For many professionals, achievement in the workplace serves as the ultimate self-esteem booster. Called out for a job well-done by your leader? Big boost. Got a promotion? Even bigger boost. And with each small accomplishment comes a small amount of satisfaction in knowing that we're making progress toward the pinnacle of our professional lives. After all, history tells us – our positive, healthy self-image coupled with a hard work ethic can lead to more job satisfaction, which in turn leads to success both inside and outside of the office.
It's an easy connection to make – the better your performance at work, the higher your level of self-esteem may rise. In fact, according to Ellen McGrath of Psychology Today, "Research has shown that the more roles people fill, the more sources of self-esteem they have. Meaningful work has long been one of the important ways to feel good about oneself." But what if your working environment doesn't provide the boost you need to succeed?
Unfortunately, in a shaky economic climate the workplace has become less reliable for the self-image boost we're all seeking. "Where work has traditionally been a source of self-esteem, that link is now endangered," McGrath explains. "The one thing that is most likely to suffer damage in today's workplace is precisely what most of us hope to get there – self-esteem."
The Impact on Employee Performance
Anne Ward, a doctoral candidate in NCU's PhD in Business Administration with a specialization in Industrial/Organizational Psychology, asserts that the ties between self-image and performance are more important to your organization than you might think. "Employee performance is important to improving bottom line revenue," she explains. "Someone with high self-esteem will be satisfied with work performance and be more productive."
Leaders within your organization may understand the importance behind this link, but in an environment that proves difficult to manage your own self-esteem on a daily basis, how can leaders help their team members struggling to overcome hurdles?
Ward emphasizes that leaders should remember to be sensitive to the fact that there are a variety of factors both inside and outside of work that may be affecting self-image in the workplace. "[Remember], low self-esteem can harm the unit or organization, as these team members do not respond well to stressors, which makes them feel even worse," she explains.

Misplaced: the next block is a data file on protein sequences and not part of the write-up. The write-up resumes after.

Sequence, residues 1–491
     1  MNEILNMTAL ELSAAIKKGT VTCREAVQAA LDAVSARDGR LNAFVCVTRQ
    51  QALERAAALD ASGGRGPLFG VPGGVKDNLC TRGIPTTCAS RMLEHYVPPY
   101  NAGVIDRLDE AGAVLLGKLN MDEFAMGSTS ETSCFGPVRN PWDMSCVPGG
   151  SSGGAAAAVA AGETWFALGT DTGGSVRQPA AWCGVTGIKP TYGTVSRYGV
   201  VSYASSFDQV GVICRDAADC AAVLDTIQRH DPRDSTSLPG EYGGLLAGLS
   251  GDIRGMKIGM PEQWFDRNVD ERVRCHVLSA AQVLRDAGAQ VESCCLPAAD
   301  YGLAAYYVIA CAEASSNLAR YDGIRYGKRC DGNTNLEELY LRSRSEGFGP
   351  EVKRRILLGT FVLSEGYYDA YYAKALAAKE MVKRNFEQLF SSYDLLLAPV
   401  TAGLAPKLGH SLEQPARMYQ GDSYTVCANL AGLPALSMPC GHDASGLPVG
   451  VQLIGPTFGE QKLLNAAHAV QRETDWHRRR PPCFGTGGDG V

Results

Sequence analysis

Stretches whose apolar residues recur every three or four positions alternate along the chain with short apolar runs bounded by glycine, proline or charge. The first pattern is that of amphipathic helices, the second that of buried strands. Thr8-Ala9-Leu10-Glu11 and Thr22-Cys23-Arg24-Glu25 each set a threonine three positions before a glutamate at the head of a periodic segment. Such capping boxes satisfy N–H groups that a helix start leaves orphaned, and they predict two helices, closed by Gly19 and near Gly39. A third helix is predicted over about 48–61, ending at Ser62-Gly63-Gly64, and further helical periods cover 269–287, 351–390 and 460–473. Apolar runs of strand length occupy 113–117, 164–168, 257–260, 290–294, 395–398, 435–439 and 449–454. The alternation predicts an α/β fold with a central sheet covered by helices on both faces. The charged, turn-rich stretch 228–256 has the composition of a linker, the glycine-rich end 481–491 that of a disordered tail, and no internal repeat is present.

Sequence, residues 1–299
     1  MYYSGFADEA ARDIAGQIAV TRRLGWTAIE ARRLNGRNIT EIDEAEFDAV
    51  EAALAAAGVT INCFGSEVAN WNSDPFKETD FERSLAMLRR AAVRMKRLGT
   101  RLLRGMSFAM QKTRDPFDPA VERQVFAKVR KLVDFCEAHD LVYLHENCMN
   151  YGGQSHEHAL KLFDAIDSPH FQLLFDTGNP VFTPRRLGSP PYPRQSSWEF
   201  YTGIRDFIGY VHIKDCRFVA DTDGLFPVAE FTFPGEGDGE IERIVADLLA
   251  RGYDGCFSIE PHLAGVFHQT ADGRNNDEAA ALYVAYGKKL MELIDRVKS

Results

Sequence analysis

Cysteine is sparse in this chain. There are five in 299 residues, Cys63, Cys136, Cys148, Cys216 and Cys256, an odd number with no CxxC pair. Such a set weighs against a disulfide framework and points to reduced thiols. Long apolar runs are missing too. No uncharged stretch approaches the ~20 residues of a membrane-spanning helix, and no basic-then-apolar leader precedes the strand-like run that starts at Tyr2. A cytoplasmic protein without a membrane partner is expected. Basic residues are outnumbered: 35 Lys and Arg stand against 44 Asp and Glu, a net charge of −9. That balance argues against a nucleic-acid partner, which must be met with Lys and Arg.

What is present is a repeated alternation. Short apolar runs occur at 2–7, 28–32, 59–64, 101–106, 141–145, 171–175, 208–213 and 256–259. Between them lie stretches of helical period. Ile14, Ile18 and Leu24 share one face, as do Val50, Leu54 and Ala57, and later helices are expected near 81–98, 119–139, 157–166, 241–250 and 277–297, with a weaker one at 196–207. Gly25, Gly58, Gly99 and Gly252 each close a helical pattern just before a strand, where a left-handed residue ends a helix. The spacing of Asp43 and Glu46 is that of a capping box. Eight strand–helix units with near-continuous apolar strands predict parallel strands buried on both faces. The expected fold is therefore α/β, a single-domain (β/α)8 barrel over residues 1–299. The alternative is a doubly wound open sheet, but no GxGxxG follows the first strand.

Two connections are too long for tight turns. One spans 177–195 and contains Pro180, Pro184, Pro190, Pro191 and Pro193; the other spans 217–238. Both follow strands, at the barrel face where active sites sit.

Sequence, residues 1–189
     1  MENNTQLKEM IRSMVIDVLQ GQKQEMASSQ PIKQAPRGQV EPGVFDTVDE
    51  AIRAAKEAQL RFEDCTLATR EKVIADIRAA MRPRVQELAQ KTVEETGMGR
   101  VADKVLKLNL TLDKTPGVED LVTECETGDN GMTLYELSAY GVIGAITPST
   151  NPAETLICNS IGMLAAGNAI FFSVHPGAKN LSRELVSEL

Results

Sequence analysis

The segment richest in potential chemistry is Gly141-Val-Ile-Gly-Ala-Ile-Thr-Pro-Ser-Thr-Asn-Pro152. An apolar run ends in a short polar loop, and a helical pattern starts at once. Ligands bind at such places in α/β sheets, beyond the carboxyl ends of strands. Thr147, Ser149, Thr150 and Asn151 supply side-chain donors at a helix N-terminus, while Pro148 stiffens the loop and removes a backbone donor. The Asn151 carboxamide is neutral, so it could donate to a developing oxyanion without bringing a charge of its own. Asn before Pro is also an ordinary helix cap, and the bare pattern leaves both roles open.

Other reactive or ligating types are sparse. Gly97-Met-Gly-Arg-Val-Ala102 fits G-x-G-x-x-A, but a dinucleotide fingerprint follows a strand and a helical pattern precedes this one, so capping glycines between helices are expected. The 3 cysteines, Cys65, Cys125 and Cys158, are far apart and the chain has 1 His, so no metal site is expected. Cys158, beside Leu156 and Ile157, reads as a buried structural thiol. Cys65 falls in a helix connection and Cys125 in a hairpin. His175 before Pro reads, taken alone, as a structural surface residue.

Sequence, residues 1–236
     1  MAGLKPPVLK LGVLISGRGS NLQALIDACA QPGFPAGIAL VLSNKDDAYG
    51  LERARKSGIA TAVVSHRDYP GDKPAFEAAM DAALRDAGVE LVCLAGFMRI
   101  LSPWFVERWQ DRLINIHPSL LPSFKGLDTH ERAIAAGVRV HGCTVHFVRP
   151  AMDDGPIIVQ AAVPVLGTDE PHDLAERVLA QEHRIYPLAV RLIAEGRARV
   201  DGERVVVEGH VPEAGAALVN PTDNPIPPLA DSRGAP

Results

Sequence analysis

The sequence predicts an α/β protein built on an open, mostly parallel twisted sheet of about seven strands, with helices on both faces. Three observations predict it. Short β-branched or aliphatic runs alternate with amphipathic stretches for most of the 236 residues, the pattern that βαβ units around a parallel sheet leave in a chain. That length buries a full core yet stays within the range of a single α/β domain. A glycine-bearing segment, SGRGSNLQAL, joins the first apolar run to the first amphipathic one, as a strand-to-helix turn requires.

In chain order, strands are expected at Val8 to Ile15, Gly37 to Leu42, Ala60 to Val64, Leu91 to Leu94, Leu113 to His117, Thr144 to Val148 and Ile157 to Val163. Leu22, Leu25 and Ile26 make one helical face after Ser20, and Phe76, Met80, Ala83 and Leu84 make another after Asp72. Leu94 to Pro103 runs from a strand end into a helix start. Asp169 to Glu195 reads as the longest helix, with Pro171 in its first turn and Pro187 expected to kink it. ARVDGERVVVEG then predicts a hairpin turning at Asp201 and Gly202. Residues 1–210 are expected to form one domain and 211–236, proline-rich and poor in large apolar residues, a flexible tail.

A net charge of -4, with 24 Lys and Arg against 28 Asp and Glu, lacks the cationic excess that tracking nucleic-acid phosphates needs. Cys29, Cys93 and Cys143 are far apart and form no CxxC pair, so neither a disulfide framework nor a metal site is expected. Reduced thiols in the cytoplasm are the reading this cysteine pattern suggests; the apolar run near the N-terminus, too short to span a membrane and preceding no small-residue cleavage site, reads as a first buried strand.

"When you have a team member that has low self-esteem, find an area where they have high self-esteem and try to emphasize that area to help them be successful at work," suggests Ward. "Increase their self-esteem through [providing opportunity for] real accomplishments and positive feedback." This exercise may include opportunities both inside and outside of work.
Tips on Improving Self-Image
Looking for ways to improve your own self-image or ideas on how to help impact employee performance? Henrik Edberg provides these tips (and more) in his blog, How to Improve Your Self-Esteem: 12 Powerful Tips:
- Say stop to your inner critic.
- Use healthier motivation habits.
- Write down three things that you can appreciate about yourself.
- Stop falling into the comparison trap.
- Spend more time with supportive people (and less time with destructive people).
Visit the Positivity Blog for more tips and details on how each of these can help you and your team members make positive change in your personal and professional life. Ultimately, a positive self-image contributes to your level of contentment both inside and outside the workplace. Remembering to take each workplace or life challenge in stride can help you achieve a work-life balance that promotes happiness as well as productivity.